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Llewellyn

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Gender: Male Meaning of Llewellyn: "leader's image" Origin of Llewellyn: Welsh, variation of Llywelyn

The name Llewellyn is a boy's name of Welsh origin meaning "leader's image". Llewellyn and is often added to lists like Geek Chic Names for Boys and discussed in our forums with posts like "Mix & Match the Previous Signature!".

From the experts:

Llewellyn/Llywelyn is a common patriotic first name in Wales, with its distinctive Welsh double LL's; in the U.S. Llewellyn would make a daring choice, though with the chance that some might find the ellen sound slightly feminine.

Two princes who played a great role in the medieval Welsh quest for independence were Llewelyn Fawr (Llewelyn the Great) and Llywelyn yr Olaf (Llywelyn the Last).

Llewelyn Moss is a major character in Cormac McCarthy's No Country for Old Men, played on screen by Josh Brolin.

Llewellyn, which can be spelled in a number of ways, has some appealing, if quirky, short forms as well--Llew, Lleu and Llelo.

Find other names based on Llewellyn using our baby name generator.

Famous People Named Llewellyn

Llewellyn Herbert, South African Olympic sprinter
Llewellyn Atkinson, Australian MP
Llewellyn Thompson, U.S. diplomat
Llewellyn Powers, American politician, 44th governor of Maine
Llewellyn Thomas, British physicist
Llewellyn Lloyd, Welsh rugby player
Silvia Llewellyn Davis, inspired Peter Pan

Pop Culture References for the name Llewellyn

Davy Llewellyn, character in 'The Maid of Sker' by R. D. Blackmore
McKenna "Mac" Llewellyn Taylor, character on 'CSI: NY'
Dr. Llewellyn Francis, character from CBC's "Murdoch Mysteries"
Detective Llewellyn Watts, character from CBC's "Murdoch Mysteries"
Llewellyn "Louie" Duck, character in "DuckTales"
Dr. Samuel Llewellyn Cornick, Character from Patricia Briggs, Alpha and Omega and Mercy Thompson

Comments

Fluffykitten101 Says:

2016-08-11T09:23:41

Oh it didn't take me long to learn it, and I think it sounds cool the Welsh way.

kitchi1 Says:

2015-10-02T21:31:01

It is so hard for an English person to pronounce this the correct Welsh way. I have given up and will be avoiding this name now...ha!

headintheclouds Says:

2015-09-18T05:32:16

To this day, I'm still unsure that I'm pronouncing the name right whenever I think/say it (lew-ell-inn?), but I love it! Back in my Welsh name-loving stage, I found Llewellyn to be such a fascinating name- strong and regal and folk-hero grand-sounding with rich roots in history and a wonderful meaning, and just the ultimate cool name.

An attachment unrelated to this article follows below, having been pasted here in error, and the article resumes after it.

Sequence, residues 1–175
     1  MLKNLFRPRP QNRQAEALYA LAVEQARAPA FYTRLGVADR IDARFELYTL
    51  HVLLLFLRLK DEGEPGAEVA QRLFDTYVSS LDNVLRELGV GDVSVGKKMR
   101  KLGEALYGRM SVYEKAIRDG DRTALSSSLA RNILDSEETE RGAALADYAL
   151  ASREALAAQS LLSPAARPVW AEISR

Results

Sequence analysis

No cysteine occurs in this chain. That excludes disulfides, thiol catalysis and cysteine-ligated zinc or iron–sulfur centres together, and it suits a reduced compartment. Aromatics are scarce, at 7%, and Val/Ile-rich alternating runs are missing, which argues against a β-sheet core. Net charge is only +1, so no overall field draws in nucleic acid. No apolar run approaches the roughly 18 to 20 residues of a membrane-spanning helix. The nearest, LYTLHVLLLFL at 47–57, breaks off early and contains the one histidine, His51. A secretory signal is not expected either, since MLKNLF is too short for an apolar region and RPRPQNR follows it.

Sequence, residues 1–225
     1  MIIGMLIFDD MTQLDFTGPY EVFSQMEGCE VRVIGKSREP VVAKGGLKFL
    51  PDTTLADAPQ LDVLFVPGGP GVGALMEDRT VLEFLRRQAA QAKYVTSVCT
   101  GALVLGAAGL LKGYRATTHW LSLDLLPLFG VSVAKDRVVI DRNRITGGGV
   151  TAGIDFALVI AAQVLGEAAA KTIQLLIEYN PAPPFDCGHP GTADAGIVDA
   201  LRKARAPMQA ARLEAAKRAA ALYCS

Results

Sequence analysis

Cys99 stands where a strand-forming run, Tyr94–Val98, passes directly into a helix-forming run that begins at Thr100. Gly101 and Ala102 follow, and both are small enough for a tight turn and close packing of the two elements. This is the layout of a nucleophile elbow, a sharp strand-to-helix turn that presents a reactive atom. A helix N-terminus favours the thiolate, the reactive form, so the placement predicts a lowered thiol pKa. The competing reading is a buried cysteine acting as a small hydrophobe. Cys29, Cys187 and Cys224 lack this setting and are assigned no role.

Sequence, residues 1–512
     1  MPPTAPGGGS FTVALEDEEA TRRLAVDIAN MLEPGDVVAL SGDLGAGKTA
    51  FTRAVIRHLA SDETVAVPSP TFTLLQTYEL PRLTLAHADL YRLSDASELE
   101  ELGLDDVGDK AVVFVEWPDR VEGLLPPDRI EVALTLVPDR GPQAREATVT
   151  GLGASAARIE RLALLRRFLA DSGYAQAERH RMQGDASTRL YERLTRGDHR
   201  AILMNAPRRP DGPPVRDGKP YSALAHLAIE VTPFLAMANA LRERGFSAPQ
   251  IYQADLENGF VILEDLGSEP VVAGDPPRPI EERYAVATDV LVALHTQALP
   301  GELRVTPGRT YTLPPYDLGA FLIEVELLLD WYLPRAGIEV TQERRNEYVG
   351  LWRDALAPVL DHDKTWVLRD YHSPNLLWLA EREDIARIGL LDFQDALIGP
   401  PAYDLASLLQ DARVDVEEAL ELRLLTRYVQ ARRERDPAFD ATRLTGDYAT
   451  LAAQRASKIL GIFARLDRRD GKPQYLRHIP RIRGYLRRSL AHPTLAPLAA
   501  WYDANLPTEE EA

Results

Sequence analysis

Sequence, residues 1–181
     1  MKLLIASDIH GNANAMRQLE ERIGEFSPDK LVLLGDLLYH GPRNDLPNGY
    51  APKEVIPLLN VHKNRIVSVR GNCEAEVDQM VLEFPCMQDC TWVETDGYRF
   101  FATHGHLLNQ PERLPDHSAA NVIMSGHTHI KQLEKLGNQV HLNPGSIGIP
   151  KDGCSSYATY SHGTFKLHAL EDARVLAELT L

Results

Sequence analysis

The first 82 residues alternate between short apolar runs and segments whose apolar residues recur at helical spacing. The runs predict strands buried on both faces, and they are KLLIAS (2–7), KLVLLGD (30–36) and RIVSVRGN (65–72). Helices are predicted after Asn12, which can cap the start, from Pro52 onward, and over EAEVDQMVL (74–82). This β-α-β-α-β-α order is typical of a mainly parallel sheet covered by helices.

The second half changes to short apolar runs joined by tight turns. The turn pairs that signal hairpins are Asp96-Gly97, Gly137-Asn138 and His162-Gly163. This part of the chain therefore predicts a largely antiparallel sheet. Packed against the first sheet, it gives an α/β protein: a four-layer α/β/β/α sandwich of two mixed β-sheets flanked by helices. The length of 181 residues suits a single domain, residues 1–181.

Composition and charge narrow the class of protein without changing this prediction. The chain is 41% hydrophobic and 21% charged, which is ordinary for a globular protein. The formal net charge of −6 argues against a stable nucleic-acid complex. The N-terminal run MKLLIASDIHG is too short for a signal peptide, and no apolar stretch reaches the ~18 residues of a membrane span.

KLGG88 Says:

2014-12-30T22:31:44

Proper pronunciation: Hloo-el-lin... it took me years of living in Wales to master the "ll" sound. Double L = "hhhlll"... if that even makes sense.

Illabeth Says:

2014-05-28T02:27:38

It is almost impossible for speakers of English to pronounce this name correctly as the Ll phoneme in Welsh has no equivalent in English (it is exclusive to Welsh) the closest would be a voiceless palatal fricative (or the h as in hue). In Welsh it is an aspirated l, while at the same time making a hard th sound and kinda hissing.

The original name was spelt Llywelyn (the ll is a distinct 'letter' in Welsh, and that is why the ll sound does not appear in the middle of the word, due to it originally being spelt with one l in the centre, the double ll in the centre reflects the Anglicised pronunciation of ell) and all forms are pronounced something like Hloo-ell-in/ Hew-ell-in (the fist part is like an H with an sh sound underneath it, so the H(sh) is pretty much said at the same time), it's an impossible sound for people to make if they did not lean Welsh phonemes as an infant.

The Anglicised pronunciation is Lew-ell-in.

JD Says:

2014-05-28T02:02:51

Lew-ellen

Illabeth Says:

2014-05-28T01:44:08

It's seriously hard, as the ll in Welsh has no English equivalent sound. A rough interpretation is something like Hloew-ell-in, but as I said, that h sound we use in English (a voiceless palatal fricative) is not an accurate representation of the ll sound in Welsh (which is a combination of an aspirated l while at the same time making a hard th sound and kinda hissing at the same time), but unless you grow up speaking Welsh it's just not a phoneme we have (in fact it's exclusive to Welsh). Originally spelt Llywelyn, which is why it doesn't have the second hissing l sound in the middle.

Here is a Welshman pronouncing it: http://downloads.bbc.co.uk/...

Many English speakers pronounce it Lew-ell-in, simply cause it's easier. Haha.

kiki18 Says:

2014-05-28T01:28:28

how is this pronounced?

lesliemarion Says:

2014-03-27T01:23:22

I think Llewellyn is a wonderful name: strong and manly but soft and poetic. The Welsh know how to do names. It's heartening to see it appear more on name berry.